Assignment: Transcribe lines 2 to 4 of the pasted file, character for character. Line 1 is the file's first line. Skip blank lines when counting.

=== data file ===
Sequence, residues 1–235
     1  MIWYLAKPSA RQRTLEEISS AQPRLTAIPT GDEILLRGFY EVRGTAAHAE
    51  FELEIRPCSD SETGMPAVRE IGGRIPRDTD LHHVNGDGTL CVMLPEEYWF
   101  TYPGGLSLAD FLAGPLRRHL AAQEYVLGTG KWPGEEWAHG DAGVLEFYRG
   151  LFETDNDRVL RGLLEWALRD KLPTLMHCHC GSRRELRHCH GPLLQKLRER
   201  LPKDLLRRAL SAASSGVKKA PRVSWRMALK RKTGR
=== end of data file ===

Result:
     1  MIWYLAKPSA RQRTLEEISS AQPRLTAIPT GDEILLRGFY EVRGTAAHAE
    51  FELEIRPCSD SETGMPAVRE IGGRIPRDTD LHHVNGDGTL CVMLPEEYWF
   101  TYPGGLSLAD FLAGPLRRHL AAQEYVLGTG KWPGEEWAHG DAGVLEFYRG